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Returning with a suspended license - a nurse in recovery. Advice?!

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Hello fellow nurses,

I currently have a suspended license due to misconduct in 2016. I had substance abuse and mental health issues. I’m celebrating four years in recovery next month. I am eligible to reinstate my license if I can find an employer to hire me with my supervised practice (if I’m in a setting with narcotics) or a full scope of practice in a setting without narcotics. Now I have an interview and I’m so nervous! Please help!

It has been a challenging road but I’m ready to reintegrate into nursing again. I lost my mom suddenly and unexpectedly within the first 6 months of my sobriety and my recovery is a testament to her. It took me nearly four years to get myself in a place where I feel emotionally, spiritually and physically strong enough to nurse and I’m thrilled about it.

I managed to get an interview for Monday and I am eager to have an opportunity to join their team. I will discuss my history with manager. I need advice on how to proceed and how to approach it. I’m going to be honest, of course but how much do I Go into it?

I have already told HR I have an “eligible” license and provided my registration number so I am certain they will be aware of my history at the time of the interview.

Any tips or ideas on how to move forward? Honestly ANY interview tips would be greatly appreciated. I truly hope I can find a future employer who believes in second chances.

thank you for reading this if you’ve made it this far. I’d really appreciate any feedback, advice, comments, anything.

Hi, I'm sure you've had your interview by now, but just thought I'd mention I'm in a similar position, just got my registration back and am going to start looking for work. I am so anxious about going for interviews but I've been told that if you contact the nurses union they can help guide you with what to say in interviews.

Good luck 🙂

 

 

J.Adderton, BSN, MSN

Specializes in Clinical Leadership, Staff Development, Education. Has 28 years experience.

The fact that I was in an alternative to discipline program helped my case.  But, this facility hires many nurses in recovery.  I would emphasize that you work a solid recovery program, but don't go into unnecessary details about your addiction ect.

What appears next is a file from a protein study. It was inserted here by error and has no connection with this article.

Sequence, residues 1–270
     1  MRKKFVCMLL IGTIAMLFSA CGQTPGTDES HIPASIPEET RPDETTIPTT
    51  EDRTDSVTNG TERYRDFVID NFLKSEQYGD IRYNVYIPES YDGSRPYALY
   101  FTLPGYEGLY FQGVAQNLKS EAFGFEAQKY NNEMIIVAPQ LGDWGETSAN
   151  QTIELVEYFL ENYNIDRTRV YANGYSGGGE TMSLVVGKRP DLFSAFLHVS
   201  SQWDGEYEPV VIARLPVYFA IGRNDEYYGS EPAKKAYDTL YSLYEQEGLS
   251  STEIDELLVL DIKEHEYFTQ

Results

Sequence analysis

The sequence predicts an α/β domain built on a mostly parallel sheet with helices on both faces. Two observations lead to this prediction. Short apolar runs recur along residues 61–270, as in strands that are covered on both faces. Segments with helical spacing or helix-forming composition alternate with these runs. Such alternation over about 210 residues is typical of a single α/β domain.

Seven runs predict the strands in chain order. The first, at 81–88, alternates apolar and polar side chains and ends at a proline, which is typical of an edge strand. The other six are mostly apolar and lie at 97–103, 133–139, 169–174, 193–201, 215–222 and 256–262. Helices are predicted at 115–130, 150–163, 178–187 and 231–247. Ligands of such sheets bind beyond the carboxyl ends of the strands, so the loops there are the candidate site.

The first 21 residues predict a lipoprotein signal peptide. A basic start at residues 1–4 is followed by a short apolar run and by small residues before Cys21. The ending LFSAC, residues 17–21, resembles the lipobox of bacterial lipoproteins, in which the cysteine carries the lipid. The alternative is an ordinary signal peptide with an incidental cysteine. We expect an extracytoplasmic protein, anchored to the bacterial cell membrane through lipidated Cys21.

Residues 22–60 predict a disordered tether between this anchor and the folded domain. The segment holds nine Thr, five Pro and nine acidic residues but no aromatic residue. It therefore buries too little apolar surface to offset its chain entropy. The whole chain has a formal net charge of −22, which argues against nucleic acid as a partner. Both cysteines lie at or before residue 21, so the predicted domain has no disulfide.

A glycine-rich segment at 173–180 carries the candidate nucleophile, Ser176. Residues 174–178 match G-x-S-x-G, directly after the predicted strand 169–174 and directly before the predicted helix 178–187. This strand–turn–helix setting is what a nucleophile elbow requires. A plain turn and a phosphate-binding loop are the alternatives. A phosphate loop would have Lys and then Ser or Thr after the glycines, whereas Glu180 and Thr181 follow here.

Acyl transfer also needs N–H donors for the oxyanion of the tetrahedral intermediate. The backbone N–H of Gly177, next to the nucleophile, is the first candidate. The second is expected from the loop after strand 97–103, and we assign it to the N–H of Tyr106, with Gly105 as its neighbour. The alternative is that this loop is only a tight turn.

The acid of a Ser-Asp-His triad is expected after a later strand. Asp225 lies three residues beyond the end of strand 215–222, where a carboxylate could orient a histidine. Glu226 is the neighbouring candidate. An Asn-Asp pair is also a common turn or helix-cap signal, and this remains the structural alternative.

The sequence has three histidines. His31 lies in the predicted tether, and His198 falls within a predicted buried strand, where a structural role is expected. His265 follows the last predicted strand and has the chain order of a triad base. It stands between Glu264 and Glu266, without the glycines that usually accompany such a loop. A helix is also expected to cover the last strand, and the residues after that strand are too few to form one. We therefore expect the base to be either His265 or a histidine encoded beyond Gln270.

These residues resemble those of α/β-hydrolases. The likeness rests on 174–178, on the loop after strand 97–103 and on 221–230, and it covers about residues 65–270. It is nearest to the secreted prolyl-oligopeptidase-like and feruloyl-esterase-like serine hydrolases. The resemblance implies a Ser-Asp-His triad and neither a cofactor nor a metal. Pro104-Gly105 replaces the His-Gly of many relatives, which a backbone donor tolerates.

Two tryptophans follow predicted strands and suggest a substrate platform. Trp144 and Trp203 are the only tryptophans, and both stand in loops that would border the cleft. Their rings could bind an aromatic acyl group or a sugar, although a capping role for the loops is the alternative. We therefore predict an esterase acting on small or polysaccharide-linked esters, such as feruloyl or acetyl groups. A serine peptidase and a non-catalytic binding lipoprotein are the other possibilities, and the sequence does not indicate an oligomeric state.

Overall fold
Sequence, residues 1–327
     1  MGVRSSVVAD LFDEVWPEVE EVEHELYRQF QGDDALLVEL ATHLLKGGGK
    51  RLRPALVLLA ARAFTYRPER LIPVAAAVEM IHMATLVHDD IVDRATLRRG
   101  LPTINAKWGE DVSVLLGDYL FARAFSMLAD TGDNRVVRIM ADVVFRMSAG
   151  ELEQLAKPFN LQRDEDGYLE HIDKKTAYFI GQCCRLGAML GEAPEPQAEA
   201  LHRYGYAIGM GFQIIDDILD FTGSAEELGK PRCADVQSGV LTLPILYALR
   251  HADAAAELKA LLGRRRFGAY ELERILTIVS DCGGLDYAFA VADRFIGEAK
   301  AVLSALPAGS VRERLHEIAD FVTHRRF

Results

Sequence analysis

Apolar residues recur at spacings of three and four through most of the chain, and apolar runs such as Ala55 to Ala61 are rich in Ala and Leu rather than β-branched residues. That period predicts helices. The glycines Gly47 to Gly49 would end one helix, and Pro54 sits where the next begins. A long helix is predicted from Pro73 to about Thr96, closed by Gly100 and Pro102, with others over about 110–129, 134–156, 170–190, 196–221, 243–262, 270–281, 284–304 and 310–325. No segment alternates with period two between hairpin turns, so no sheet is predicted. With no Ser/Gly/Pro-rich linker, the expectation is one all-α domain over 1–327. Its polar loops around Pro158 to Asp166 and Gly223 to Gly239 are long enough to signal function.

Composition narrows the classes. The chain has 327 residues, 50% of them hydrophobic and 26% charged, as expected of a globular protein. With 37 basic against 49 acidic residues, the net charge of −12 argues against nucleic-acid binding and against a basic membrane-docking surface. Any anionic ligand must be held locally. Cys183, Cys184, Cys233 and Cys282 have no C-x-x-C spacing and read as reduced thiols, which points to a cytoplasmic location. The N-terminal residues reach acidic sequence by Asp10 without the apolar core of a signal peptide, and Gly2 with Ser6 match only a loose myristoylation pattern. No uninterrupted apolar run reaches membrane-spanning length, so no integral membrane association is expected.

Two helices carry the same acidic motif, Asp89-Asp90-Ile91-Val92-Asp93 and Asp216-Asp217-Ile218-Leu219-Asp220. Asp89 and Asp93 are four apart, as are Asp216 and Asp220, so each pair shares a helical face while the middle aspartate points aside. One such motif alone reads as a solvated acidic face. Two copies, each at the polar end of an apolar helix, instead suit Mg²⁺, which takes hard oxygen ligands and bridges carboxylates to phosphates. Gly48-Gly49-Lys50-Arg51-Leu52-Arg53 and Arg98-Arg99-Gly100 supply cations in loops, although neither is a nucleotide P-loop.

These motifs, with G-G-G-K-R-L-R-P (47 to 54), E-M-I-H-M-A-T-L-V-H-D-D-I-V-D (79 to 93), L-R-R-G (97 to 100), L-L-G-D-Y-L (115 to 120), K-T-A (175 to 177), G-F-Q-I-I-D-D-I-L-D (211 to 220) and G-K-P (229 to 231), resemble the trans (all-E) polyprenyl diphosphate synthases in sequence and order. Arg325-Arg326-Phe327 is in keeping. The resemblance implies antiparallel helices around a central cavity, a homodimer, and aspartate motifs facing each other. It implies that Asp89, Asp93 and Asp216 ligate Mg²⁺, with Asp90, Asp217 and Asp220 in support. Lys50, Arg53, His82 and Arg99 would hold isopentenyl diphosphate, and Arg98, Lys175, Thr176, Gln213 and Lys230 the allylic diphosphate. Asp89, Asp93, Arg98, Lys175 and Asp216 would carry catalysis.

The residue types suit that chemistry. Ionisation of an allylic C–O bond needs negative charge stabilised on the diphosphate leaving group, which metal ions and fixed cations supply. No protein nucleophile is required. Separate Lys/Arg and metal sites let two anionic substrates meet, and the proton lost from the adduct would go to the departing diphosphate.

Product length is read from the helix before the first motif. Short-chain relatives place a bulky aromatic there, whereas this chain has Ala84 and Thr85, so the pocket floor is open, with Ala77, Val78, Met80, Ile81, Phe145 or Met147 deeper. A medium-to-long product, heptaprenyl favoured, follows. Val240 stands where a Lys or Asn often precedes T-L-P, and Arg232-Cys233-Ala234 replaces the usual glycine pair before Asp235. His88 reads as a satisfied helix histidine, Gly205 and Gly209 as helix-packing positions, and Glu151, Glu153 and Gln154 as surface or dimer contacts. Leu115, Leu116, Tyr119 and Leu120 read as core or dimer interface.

Thank you for your responses! I did get a job offer (causal position) following the interview. 
 

Since I’ll be returning with restrictions on my license and I’ll require a supervisor during all my shifts, my BON requires all supervisors to have read my order. The order outlines my misconduct and details my addiction, unethical behaviours, etc. Normally, only one or two supervisors would be Aware of the nurse’s order to keep confidentiality. But in my case, being in a causal position, my employer has informed all LPN’s & RN’s at the hospital all be working with. 
 

Having all staff members aware of my order and previous misconduct then allows me, as a causal to pick up any shifts without having to worrying if my specific supervisor would be on duty at the same time. However, this also means over 55 nurses will know of my past history of substance abuse & related behaviours. To say I am anxious is an understatement. I am terrified of how I will be accepted by this new team. 
 

I asked my BON for any feedback and they basically told me, they’ve never seen a situation like this because generally only two nursing supervisors know the history. 
 

Does anyone have advice? When I start my first shift, everyone will have already read my order and have preconceived judgments. I have faith that once they get to know me and I can prove myself to be a reliable and trustworthy coworker, things will improve but before then, how can I ease this integration? 
 

I will be moving to a new province, a new place, leaving my friends, home, and family. I’m open to any and all advice. If you learned a new nurse was joining your team with a history of substance abuse, what could that nurse do/say to help you give her/him a chance? 

londonflo

Specializes in oncology. Has 44 years experience.

29 minutes ago, Nurse in recovery said: